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It appears that they haven't quite managed to circulate even a million Liberty Dollars per year since inception. So even with only two people getting that 8%, and assuming no other sources of income, nobody is making out like a bandit on that much. There are much easier ways to make $40k/year.

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I think this thread is telling. I have said in earlier posts that the US dollar is on its way down as with other paper currencies to follow. Gold is primarily traded as a monetary instrument and has risen to 16 year highs. Until the US gets its deficits under control which I think will not be any time soon, paper money as such will continue to debase. Gold will rise. Gold is money and is slowly emerging once again a replacement for paper.

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Why is that so objectionable?  The costs of minting currency must be absorbed somewhere.  They don't just dissapear.

Because I'm already paying (by way of taxes) to have one currency manufactured. I'm not going to get that currency (from my job as my job doesn't pay in liberty dollars) and pay for yet another currency to be manufactured. I'll stick to the currency I initally get and invest it in a more profitable manner than some other currency which causes an immediate loss at the beginning and grows, if at all, very slowly.

I don't see any realistic advantages of taking my initial currency and buying a different currency at a loss, when I know the currency I started with is already accepted everywhere I do business and the other currency represents a questionable investment at best. In other words, I don't view currency as a product I care to buy with different currency.

But as I said, you can feel free to invest all the money you wish into this "Libery Dollar" organization. If you profit better in the end then you'll have made the better investment.

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If one wishes to buy gold in the form of coins, there are many options that have been around for decades. Gold coins have been minted by various governments. The ones from South Africa, Canada, USA, among others, have very wide acceptance. If you walk down the main street in a Swiss city, you will often see bars of gold advertized in bank windows. Only buy "liberty dollars" in bullion form if they are better than these.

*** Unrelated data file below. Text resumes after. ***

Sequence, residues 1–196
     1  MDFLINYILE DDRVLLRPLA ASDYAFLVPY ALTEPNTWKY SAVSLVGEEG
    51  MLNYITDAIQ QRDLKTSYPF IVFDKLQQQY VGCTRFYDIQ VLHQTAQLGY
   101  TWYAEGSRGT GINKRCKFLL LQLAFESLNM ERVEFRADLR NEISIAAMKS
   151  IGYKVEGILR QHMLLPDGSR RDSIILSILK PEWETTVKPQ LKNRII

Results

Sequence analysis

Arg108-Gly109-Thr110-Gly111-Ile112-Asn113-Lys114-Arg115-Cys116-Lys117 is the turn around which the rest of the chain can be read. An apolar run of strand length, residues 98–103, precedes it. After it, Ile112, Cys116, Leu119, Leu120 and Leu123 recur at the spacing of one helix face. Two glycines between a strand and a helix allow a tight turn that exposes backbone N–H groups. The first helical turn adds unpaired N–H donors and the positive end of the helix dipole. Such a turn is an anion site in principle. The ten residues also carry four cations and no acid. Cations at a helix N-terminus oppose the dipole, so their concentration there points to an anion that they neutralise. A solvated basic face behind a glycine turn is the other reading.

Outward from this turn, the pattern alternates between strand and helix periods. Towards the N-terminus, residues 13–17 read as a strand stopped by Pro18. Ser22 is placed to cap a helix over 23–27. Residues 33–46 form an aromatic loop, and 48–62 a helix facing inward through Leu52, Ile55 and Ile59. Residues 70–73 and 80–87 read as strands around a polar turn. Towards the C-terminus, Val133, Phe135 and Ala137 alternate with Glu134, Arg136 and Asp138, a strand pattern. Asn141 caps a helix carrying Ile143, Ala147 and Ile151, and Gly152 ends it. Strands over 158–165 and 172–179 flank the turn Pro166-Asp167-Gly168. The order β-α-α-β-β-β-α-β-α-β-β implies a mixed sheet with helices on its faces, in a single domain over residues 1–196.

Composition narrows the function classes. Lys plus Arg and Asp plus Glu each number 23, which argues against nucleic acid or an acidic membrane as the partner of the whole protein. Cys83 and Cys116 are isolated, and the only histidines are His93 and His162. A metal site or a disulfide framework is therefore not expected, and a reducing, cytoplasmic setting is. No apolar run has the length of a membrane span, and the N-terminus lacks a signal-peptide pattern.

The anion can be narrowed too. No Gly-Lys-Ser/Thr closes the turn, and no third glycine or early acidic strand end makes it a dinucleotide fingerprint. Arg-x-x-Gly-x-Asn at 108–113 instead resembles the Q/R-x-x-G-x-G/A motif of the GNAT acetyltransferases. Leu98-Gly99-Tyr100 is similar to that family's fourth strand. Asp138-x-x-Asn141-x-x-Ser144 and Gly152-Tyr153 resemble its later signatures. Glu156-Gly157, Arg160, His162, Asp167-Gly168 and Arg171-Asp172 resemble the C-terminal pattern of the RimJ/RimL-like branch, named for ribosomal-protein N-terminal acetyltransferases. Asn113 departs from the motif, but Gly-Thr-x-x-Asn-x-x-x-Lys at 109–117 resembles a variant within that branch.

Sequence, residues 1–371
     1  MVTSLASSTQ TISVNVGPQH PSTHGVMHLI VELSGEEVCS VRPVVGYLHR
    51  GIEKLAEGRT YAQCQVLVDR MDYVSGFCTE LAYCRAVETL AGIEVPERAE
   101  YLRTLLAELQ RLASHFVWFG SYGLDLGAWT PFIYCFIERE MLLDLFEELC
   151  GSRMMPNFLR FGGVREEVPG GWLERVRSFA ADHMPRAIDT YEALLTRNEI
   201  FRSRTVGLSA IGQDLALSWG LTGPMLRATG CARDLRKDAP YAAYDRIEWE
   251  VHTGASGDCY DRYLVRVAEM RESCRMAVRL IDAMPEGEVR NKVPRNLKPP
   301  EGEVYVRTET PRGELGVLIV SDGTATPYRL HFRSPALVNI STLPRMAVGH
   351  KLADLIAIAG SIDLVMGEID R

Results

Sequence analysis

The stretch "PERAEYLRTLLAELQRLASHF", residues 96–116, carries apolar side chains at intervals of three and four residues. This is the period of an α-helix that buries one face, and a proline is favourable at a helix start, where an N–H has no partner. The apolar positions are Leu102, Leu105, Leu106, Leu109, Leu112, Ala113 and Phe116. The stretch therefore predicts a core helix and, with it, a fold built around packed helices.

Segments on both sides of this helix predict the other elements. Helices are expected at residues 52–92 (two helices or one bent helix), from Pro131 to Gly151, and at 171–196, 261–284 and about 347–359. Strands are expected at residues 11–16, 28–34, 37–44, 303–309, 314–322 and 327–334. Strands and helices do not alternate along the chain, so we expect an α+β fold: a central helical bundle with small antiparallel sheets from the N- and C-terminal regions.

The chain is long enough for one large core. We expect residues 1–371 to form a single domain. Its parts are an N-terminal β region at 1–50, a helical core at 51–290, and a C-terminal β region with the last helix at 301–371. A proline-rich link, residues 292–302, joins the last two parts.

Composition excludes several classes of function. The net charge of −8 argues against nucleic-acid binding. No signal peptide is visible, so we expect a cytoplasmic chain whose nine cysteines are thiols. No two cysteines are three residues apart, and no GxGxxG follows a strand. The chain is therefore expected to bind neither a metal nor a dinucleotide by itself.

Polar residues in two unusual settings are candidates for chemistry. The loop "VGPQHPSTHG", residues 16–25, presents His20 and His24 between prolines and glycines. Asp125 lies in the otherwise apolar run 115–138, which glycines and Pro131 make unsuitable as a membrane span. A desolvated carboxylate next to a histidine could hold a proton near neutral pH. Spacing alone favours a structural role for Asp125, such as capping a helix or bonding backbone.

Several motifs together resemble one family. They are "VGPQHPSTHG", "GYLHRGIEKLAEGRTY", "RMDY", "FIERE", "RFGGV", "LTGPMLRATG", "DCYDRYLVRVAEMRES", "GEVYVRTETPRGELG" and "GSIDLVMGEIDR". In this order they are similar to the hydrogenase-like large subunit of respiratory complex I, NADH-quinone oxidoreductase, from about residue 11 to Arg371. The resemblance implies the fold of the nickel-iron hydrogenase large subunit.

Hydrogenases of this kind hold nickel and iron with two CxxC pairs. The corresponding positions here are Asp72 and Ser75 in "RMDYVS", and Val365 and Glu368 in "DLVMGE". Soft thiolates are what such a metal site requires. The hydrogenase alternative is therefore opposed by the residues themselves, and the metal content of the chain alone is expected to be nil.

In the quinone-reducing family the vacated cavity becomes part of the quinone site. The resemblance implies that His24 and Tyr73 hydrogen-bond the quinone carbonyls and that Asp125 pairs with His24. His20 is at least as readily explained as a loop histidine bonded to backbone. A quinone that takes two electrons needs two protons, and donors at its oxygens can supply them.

If one wishes to buy gold more efficiently, but for the shorter term, the best bet for US residents would be to buy the Exchange Traded Fund (symbol: GLD) that trades on the NYSE. ITs current price of $44.xx represents the current price of 1/10th of an ounce of gold. This fund comes with a 0.5% annual charge.

Many very respectable financial analysts have been predicting the fall of the US Dollar. So, I would not argue against investing in gold. However, if one does decide to invest in gold, because of its reliability, then do so in a way that minimizes the risk.

Do not let the sellers ideological message convince you of his reliability. Rather, look to track record and other forms of insurance.

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Why is that so objectionable?  The costs of minting currency must be absorbed somewhere.  They don't just dissapear. 

Yes, but it should be more like 3%, not 30%. I have some 1 oz. Maple Leaf gold coins; their sales price was only a few percent above their bullion value. If you want to buy gold or silver, buy coins or bullion bars that do not have huge markups.

I should also mention that I bought my gold coins 20 yrs ago and they have gained little or no value. Meanwhile stocks have gone up substantially. I do agree the dollar has fundamental problems, but don't buy gold expecting a quick profit. I don't regret buying it, but I see it mainly as a safety net against a currency collapse.

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The manufacturer of these "liberty dollars" is indeed tacking on a huge premium if he's selling one ounce of silver (worth about $7.50 now) for $10. If somebody owed me $10, I would most certainly not accept something with only $7.50 value as payment.

As others have pointed out, there are undoubtedly ways of buying silver or gold without paying such a hefty premium.

Historically the fee levied for the coining of money is called "seigniorage"; when nations were on the gold standard, I'm pretty sure seigniorage was a very small percentage.

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Historically the fee levied for the coining of money is called "seigniorage"; when nations were on the gold standard, I'm pretty sure seigniorage was a very small percentage.

Thanks for that definition. I think the reason his mark-up is so great is that there are not a great deal of people offering the kind of product he offers. And he does a decent job marketing it. I'm sure if he had some more vocal competitors his prices would fall.

To be honest, this is the first I have heard of people attempting to return to a precious metal standard (though relative to most of you probably, I haven't been around all that long). I was excited just to see that. The initial appeal to me was the effectiveness with which Bernard claims the currency can be used. My problem is, I don't have the kind of money I would need to buy gold bars, or even coins for that matter.

Anyone want to make predictions on the fall date of the USD?